So Nina Metz from the Chicago Tribune came to do a set visit one day [for] a little interview about, “Oh, you’re making a movie in Chicago.” We’re standing on the corner of Wilson and Magnolia in uptown, and she said, “So, where did the idea for this come from?” I just took a big deep breath and started talking about it, and I have never looked back since. The hundreds, if not thousands at this point, of people who have said, “Thank you for opening up and sharing—it’s really helped me feel a sense of optimism about something that I’m dealing with” has been incredible. 

Also, I think this is a really important footnote: if you are struggling to get clean—or you are clean—you are under no obligation whatsoever to talk about it publicly. It is my journey. This doesn’t make me better than anybody else. Doesn’t make my sobriety journey any more meaningful. I just think it’s really important that people don’t ever feel pressured to talk about it. It’s why we keep it anonymous—that’s why it’s NA and A.A., et cetera. It’s just very important for people to feel safe, because there is a lot of stigma and there is a lot of shame. If you do feel so moved to [go public about it], though, just know that the experience for me has been very positive.

“Late Night With the Devil” tackles the exorcism genre, which has been a staple of horror for decades. For a lot of Catholics, “The Exorcist” is still the scariest movie ever. Because of your religious upbringing, does this genre especially resonate with you?

I think it’s this big full-circle moment. As a child, you’re ingrained with very binary, black-and-white principles of thinking good and evil, angel/devil, heaven/hell, reward/punishment—something like demonic possession is so terrifying to somebody in that religious space. The simplification of being able to say, “Do these things, then you are going to spend infinity in peace and bliss”—the thought that that could be threatened by something as utterly terrifying as the devil itself is just your worst nightmare. Combine that with the notions of religiosity, and it’s just like an omelet of terror for anybody in that space.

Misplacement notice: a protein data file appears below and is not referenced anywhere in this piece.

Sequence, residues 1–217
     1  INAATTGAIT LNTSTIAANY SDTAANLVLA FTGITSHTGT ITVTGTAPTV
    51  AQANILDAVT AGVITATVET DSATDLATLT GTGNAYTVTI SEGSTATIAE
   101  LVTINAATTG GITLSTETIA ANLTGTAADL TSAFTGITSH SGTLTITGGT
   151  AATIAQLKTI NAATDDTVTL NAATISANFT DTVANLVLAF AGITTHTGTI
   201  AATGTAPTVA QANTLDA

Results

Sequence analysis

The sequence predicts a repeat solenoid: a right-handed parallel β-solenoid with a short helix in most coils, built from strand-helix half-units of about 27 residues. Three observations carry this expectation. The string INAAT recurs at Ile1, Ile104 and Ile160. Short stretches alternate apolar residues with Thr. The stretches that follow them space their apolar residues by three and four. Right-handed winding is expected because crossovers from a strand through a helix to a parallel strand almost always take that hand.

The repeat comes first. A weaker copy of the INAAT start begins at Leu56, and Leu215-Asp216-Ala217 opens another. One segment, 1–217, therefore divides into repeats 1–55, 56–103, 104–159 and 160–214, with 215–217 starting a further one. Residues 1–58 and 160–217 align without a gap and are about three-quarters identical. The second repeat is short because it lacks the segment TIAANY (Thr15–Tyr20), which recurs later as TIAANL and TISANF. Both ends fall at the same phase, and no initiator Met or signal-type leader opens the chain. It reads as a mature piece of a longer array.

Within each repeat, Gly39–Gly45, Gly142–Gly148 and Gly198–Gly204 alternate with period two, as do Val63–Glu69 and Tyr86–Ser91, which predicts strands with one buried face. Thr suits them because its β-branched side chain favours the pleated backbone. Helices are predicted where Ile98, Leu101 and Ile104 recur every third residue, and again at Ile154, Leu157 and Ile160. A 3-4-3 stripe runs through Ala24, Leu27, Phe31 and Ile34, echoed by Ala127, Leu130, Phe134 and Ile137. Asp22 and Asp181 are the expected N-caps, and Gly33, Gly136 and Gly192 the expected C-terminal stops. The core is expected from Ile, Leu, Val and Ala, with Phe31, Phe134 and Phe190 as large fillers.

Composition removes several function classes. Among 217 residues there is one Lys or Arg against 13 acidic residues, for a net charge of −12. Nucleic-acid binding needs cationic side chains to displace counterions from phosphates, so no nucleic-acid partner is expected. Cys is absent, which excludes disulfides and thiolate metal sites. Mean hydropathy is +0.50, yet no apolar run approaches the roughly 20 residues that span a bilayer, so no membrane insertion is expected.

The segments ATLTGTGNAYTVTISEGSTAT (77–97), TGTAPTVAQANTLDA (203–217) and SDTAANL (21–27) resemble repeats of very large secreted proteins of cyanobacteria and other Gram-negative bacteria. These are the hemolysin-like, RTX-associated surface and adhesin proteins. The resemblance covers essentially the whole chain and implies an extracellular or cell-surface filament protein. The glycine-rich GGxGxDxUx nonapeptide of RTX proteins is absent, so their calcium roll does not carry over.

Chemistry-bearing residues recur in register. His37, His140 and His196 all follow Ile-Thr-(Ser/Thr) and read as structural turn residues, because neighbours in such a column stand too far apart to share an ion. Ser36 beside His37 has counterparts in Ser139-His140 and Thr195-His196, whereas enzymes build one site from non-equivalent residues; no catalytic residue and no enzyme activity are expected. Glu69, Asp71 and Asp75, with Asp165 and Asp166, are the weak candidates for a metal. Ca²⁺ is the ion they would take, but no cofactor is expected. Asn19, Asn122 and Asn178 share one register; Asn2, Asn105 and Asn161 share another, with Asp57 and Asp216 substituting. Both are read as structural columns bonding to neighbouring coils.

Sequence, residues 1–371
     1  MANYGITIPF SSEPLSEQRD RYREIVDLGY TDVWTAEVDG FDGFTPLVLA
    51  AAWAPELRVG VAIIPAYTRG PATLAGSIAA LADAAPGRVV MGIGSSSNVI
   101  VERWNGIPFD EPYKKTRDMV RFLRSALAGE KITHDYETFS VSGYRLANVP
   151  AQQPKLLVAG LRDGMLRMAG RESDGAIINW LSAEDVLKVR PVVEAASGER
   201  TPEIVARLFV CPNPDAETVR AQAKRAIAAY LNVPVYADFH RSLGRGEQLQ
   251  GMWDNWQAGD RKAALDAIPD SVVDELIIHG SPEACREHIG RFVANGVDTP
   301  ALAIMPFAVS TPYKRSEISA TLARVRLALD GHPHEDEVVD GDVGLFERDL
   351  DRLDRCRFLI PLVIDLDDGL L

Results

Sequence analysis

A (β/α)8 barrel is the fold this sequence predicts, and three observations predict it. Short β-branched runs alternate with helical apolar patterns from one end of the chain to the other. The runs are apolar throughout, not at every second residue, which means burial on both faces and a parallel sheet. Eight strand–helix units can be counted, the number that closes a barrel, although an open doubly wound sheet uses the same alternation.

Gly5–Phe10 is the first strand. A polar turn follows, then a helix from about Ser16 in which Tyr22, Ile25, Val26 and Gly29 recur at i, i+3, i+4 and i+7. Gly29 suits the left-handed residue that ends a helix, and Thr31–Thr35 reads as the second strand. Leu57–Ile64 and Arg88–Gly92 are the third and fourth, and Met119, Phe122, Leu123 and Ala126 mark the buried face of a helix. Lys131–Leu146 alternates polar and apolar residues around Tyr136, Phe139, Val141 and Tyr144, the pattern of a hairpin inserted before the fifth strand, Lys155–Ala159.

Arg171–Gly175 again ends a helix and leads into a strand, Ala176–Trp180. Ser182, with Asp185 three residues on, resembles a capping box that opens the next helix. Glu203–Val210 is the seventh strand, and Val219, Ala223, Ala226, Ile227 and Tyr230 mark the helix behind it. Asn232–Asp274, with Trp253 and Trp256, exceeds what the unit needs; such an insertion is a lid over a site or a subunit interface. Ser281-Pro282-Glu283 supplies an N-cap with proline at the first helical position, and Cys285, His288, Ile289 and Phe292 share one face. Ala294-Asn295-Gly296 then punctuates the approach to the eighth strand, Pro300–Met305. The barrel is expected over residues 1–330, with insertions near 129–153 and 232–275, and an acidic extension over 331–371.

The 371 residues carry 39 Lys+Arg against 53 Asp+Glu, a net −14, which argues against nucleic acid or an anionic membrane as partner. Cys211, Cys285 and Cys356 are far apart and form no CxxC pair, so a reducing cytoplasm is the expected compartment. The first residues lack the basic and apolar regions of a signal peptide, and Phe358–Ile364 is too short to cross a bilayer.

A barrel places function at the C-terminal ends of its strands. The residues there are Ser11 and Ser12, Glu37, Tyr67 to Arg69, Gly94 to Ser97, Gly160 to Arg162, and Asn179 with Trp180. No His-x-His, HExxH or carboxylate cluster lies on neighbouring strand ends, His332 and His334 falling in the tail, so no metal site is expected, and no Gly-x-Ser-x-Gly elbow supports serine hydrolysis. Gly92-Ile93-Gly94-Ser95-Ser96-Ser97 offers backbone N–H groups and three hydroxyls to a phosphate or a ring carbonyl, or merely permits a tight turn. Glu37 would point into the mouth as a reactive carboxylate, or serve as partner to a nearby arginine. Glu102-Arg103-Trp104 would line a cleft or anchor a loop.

“The Exorcist” is so well-executed, by the way, it doesn’t matter if you were raised religious or not. I’m sure it scared the pants off of everybody but, boy, it really got me bad—I was raised with this idea of “Don’t open your mind to these things. Don’t watch scary movies. Don’t listen to rock ‘n’ roll music. Only watch things that are religious, only read things that are religious. Anything that is going to deviate from the path of purity is really only there to tempt you.” They’re so afraid of people living the full human experience because, the more people live the full human experience, the more they’ll question the authority and the power that’s been given to people who’ve been able to manipulate that power for thousands of years.